By Deepak Kumar Nayak*
Union Home Minister (UHM), Amit Shah, while campaigning for the Assembly Elections 2019 in Jharkhand on November 28, 2019, asserted that Naxalism [Left Wing Extremism, LWE] had been “buried 20-foot under the ground.”
Further, in a meeting of the LWE-affected States in New Delhi on August 26, 2019, the then Jharkhand Chief Minister, Raghubar Das, had asserted that, as a result of efforts of the State Police and ‘people friendly policies’ of the Government, there had been a 60 per cent decrease in incidents of Naxal-related violence in Jharkhand in 2019, as compared to 2015. Das also disclosed that, while the number of civilians killed had gone down to a third of the figure for 2015, the number of Maoists [Communist Party of India-Maoist (CPI-Maoist)] killed had doubled, as had the number of surrenders. The quantum of arms and ammunition recovered from LWE groups had risen by 33 per cent.
Contrary to these claims, according to partial data collated by the South Asia Terrorism Portal (SATP), at least 64 persons, including 20 civilians, 13 Security Force (SF) personnel, and 31 Naxalites [Left Wing Extremists (LWEs)], were killed in 36 LWE-linked incidents in Jharkhand in 2019, while there were 53 such fatalities (17 civilians, 10 SF personnel, and 26 LWEs), in 30 such incidents, in 2018, demonstrating a surge of 20.75 per cent in fatalities, and an increase of 20 per cent in the number of such incidents. 2015 recorded 57 fatalities (15 civilians, five SF personnel and 37 LWEs) in 33 incidents.
The overall fatalities in 2018 were the second lowest (53) to be recorded in the State since March 6, 2000, when SATP started compiling data. The lowest figure was recorded in 2000, at 36.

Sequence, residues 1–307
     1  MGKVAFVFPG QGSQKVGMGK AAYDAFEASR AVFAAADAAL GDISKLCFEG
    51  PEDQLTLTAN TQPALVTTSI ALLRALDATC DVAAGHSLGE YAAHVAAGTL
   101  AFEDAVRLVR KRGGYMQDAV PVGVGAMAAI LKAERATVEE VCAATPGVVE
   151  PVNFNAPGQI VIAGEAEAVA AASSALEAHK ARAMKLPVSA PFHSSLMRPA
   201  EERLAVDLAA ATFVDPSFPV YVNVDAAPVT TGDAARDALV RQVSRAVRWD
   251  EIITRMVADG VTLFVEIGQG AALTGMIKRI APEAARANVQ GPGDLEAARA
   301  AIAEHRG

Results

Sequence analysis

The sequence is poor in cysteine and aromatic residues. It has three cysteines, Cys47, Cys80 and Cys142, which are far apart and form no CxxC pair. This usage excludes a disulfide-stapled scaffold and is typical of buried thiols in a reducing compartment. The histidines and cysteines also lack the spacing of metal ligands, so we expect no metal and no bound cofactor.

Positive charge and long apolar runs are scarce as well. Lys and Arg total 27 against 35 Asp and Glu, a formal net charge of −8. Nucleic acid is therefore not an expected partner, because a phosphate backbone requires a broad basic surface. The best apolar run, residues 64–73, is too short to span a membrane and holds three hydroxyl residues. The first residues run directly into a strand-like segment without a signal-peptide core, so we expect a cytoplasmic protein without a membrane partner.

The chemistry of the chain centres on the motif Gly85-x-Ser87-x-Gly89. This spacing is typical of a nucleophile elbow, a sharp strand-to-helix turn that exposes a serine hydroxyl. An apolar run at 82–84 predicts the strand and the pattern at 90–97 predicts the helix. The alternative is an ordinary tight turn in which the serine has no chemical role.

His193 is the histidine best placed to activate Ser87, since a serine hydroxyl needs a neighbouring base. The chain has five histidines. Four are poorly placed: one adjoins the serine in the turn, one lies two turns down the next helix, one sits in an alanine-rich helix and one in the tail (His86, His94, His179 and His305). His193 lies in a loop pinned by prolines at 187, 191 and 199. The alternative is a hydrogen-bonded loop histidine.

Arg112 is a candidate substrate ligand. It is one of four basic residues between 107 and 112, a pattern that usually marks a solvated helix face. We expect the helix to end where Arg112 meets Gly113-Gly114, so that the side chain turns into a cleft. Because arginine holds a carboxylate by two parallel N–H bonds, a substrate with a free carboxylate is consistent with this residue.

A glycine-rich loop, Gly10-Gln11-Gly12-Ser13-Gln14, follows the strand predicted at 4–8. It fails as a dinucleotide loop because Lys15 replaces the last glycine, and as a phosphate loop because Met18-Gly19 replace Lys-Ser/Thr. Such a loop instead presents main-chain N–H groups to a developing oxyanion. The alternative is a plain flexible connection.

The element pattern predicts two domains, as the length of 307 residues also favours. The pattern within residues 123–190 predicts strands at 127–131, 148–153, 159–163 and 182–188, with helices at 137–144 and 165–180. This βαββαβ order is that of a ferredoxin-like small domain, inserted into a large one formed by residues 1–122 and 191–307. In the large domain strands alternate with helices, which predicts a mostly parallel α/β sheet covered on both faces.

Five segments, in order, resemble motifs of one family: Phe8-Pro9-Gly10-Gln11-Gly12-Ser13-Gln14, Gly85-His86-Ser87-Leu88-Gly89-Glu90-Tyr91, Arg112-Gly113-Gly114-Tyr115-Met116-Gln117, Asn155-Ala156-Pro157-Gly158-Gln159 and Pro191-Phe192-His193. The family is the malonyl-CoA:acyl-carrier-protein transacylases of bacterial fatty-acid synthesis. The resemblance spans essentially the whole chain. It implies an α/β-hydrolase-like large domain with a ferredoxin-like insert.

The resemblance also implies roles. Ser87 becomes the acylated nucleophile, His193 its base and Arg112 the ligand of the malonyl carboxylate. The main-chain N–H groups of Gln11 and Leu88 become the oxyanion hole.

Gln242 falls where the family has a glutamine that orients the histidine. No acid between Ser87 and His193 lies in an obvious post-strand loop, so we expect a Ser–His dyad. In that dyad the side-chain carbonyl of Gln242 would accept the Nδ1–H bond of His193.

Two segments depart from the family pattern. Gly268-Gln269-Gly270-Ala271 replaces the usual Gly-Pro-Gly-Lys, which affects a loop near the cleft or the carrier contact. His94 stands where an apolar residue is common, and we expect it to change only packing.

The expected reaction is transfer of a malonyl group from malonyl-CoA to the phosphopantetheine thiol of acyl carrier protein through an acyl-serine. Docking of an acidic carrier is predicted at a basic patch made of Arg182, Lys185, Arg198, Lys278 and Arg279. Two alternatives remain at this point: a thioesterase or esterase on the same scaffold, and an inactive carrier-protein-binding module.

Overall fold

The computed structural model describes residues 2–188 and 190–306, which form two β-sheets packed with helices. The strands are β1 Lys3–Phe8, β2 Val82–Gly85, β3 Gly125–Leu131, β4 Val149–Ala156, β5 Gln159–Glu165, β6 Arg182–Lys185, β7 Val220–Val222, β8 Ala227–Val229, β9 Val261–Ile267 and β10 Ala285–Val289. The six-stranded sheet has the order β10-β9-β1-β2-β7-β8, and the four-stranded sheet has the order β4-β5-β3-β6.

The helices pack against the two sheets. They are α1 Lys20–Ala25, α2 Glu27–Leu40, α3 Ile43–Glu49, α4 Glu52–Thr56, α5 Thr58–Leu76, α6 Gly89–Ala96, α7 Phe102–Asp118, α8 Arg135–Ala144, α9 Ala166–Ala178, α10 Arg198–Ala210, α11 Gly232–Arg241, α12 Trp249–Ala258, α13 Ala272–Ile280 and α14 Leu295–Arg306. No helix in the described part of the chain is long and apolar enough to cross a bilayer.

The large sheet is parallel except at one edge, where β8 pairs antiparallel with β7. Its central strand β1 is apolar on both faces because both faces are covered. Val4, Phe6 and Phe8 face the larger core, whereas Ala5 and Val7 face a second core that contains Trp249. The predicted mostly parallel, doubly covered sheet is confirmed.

The surge in civilian fatalities, a key index of the security scenario of an area/region, is likewise worrisome. Civilian fatalities through 2019 stood at 20, an increase of 17.64 per cent compared to such fatalities through 2018, at 17. There were 15 civilian fatalities in 2015, the lowest in this category, though 2000 recorded a lower figure (13), for the period after March 6, when SATP started compiling the data relating to LWE violence.
Moreover, the SF category has also registered a spike in fatalities, with 13 personnel killed in 2019 as against 10 in 2018, and just five in 2015. A low of four SF fatalities was recorded in 2017, and just three after March 6 in 2000.
Though the number of LWEs killed increased by 19.23 per cent from 26 in 2018 to 31 in 2019, there was a dip in the kill ratio achieved by SFs, which dropped to 1:2.38 in 2019, from 1:2.6 in 2018. The overall kill ratio since March 6, 2000, favours the SFs, at 1:1.36, and the most favourable ratio was recorded in 2015, at 1:7.4.
Disturbingly, other parameters of violence in the State were also indicative of significant surge in 2019. According to partial data compiled by SATP, the number of major incidents (each involving three or more fatalities) in the State increased from four (one initiated by Naxalites, three by SF personnel) in 2018, to nine (four initiated by Naxalites, one by SF personnel and four unspecified) in 2019. Further, the number of explosions carried out by the rebels increased from two in 2018 to 14 in 2019. Incidents of arson also increased from 14 in 2018 to 16 in 2019. The number of exchanges of fire between the SFs and LWEs increased from nine in 2018 to 11 in 2019.
Worryingly, even as violence spiked, SFs managed to arrest just 69 LWEs in 43 incidents of arrest in 2019, as compared to 157 LWEs in 70 such incidents in 2018, a decline of 56.05 per cent. Likewise, there was also a decline in the number of surrenders from 23 LWEs in 2018 to 11 LWEs in 2019, a drop of 52.17 per cent.
Broadly, however, LWE related incidents at large diminished from 165 in 2018 to 132 in 2019, in Jharkhand, conforming to the declining trend (781 incidents in 2018 to 672 in 2019) recorded across the country.
On October 26, 2019, State Director General of Police (DGP), Kamal Nayan Choubey, disclosed;
As per figures with the Ministry of Home Affairs (MHA), 19 of 24 districts in Jharkhand are LWE-affected. Apart from the CPI (Maoist), there are at least 17 splinter outfits active in the State. Police say that a majority of members in the splinter outfits are nothing more than hired guns and thugs involved in extorting money from businessmen, smuggling opium and killing for sport.